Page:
Gardai opened an investigation after videos of the incident at around 7.30 pm on September 19 went viral on social media.
The boys, two aged 14 and a 15-year-old, who cannot be identified because they are minors, are accused of various motor theft-related offences, dangerous driving, and criminal damage.
Gardai opened an investigation after videos of the incident at around 7.30 pm on September 19 went viral on social media. Footage showed a collision between the patrol vehicle and another car cheered by on-lookers.
On Monday morning, the trio were arrested by gardai from Ballyfermot, Clondalkin and Rathcoole Garda stations.
They were charged that evening and held overnight pending their separate appearances before Judge Paul Kelly at the Dublin Children's Court on Tuesday.
Garda Carina O'Hara, Garda Daniel Matthewson and Detective Garda Michael McNulty told the court the defendants "made no reply" when charged.
The 15-year-old boy is accused of unlawful use of a stolen car at Cedarbrook Avenue and using or being a passenger in another stolen car on the same date. He is also charged with dangerous driving at Cherry Orchard Avenue and criminal damage to a Garda car.
One 14-year-old is accused of being a passenger in the two alleged stolen vehicles at Cedarbrook Avenue. At the same time, the other boy is charged with unlawfully travelling as a passenger in one of the two cars.
They have not yet indicated how they will plead.
District Court president Judge Kelly noted their parents were present for the proceedings, and he granted legal aid. He noted there was no Garda objection to bail with conditions but held that only one of them must obey a curfew.
They must attend school or bail supervision programmes and remain contactable by mobile phone, and two must stay out of Ballyfermot. The judge noted they had "no business" to be in the area.
Solicitor Lorraine Stephens, for one of the 14-year-old boys, said her client's mother claimed her son was told he would not be included in the Garda youth diversion programme instead of court prosecution because he did not admit involvement. However, Garda O'Hara rejected the claim.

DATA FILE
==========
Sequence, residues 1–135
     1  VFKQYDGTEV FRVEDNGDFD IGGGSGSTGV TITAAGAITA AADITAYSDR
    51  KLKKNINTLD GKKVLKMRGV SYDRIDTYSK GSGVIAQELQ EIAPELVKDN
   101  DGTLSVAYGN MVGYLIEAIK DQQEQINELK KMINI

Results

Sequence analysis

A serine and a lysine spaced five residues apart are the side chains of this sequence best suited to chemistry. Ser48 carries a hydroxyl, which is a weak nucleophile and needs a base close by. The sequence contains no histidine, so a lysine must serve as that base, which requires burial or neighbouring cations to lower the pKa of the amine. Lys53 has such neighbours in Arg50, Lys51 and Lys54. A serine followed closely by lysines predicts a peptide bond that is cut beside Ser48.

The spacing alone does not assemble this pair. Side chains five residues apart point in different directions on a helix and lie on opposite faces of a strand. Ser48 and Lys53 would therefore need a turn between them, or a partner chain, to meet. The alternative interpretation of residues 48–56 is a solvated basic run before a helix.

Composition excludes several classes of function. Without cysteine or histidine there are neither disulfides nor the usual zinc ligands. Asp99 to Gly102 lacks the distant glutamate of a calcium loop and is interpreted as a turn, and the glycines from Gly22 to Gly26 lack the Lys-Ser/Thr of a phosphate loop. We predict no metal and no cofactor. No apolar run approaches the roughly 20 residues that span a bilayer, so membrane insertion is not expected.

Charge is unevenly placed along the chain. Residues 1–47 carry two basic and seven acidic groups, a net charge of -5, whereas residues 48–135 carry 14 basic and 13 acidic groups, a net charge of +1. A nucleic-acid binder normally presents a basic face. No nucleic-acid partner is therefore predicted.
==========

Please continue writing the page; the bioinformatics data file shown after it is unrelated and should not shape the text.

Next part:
The court heard he had never been arrested before and had no prior convictions.
Doireann McDonagh BL, for the 15-year-old, submitted that it was unfair for her client to be ordered to obey a curfew, but he agreed to the other terms. Solicitor Peter Connolly said his client would stick to a curfew.
They spoke only to confirm they understood the terms and the consequences of breaking them.
Judge Kelly warned them they must be of good behaviour and not be in control of any motor vehicles, and breaking bail terms risked being held in custody for the duration of the proceedings.
He ordered them to appear again on November 15 for directions from the Director of Public Prosecutions to be obtained.
The two officers in the rammed Garda car have since signed off work and are receiving support.
Until age 18, the law classes the defendants as children with a right to anonymity.
Section 93 of the Children Act states no report shall be published or broadcast which reveals the name, address or school of any child concerned in the proceedings or include any details likely to lead to the identification of any child involved in the proceedings.
A fourth boy has been referred to the juvenile youth diversion programme.
That will decide if he will be suitable for their youth crime diversion scheme as an alternative to a court prosecution with the risk of a criminal record and a custodial sentence.